A transcript of this episode and show notes may be found at http://teaforteaching.com.

 

Military-Affiliated Students

One student population that is often overlooked in campus DEI initiatives is the population of military-affiliated students. In this episode Kenneth James Marfilius joins us to discuss ways to support and include this segment of our student population in the classroom and on our campuses.

Ken is the Director of the Falk College Office of Online and Distance Education and is an Assistant Professor in the School of Social Work at Syracuse University. While on active duty, Ken served in the U.S. Air Force Biomedical Science Corps in multiple roles: as an active duty clinical social worker, mental health therapist, family advocacy officer in charge, and as manager of the alcohol and drug prevention and treatment program. He has taught courses on topics such as social work intervention, military culture, and social work practice, psychopathology, and others.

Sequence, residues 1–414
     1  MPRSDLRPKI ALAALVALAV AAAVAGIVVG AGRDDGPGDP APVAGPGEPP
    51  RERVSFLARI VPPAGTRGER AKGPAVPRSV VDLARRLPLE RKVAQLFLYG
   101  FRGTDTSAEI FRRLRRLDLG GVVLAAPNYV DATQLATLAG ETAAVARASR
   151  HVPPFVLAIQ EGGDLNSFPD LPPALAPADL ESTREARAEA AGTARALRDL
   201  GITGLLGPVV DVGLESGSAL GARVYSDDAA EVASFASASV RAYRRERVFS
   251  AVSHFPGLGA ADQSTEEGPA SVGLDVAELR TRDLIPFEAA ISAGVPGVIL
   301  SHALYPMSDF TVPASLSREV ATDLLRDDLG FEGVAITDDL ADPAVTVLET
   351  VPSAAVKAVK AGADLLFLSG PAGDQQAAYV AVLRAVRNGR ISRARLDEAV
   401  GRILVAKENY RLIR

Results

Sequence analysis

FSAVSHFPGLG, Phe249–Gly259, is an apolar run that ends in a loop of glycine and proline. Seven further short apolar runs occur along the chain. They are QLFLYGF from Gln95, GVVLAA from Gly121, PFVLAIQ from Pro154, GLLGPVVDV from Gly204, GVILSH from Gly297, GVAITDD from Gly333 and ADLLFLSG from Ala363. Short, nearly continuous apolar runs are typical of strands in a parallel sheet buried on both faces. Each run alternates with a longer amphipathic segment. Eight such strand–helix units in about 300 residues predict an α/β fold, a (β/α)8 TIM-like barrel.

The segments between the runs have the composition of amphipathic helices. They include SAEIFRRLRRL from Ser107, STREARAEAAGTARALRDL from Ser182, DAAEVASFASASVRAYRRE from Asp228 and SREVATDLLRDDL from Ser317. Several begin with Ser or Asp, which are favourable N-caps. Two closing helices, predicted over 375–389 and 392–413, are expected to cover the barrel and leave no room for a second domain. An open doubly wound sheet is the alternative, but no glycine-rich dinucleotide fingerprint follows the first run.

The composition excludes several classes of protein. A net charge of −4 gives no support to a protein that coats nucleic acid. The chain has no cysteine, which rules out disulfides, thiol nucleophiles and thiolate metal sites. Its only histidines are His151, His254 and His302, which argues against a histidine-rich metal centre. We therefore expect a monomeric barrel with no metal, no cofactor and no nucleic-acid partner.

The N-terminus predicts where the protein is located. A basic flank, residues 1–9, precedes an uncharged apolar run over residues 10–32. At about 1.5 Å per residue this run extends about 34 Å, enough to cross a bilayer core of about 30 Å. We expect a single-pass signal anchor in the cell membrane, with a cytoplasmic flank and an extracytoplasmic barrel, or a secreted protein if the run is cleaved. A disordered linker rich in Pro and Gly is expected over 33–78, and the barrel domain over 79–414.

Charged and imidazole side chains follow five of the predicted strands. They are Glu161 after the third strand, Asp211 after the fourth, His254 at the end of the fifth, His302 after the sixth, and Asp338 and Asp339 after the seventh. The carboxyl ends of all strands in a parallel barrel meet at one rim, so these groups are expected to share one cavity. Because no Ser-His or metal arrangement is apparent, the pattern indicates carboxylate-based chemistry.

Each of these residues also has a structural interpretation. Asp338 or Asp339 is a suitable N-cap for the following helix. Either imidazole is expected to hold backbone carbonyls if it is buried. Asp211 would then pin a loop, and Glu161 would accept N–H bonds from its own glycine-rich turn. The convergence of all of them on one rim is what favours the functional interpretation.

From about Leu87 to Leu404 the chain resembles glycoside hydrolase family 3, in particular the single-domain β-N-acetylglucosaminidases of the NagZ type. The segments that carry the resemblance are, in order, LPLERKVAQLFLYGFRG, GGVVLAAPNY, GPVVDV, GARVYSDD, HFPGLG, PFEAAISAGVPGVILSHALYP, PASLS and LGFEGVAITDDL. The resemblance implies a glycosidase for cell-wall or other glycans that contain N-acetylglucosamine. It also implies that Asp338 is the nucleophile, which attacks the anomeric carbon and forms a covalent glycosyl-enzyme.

A transcript of this episode and show notes may be found at http://teaforteaching.com.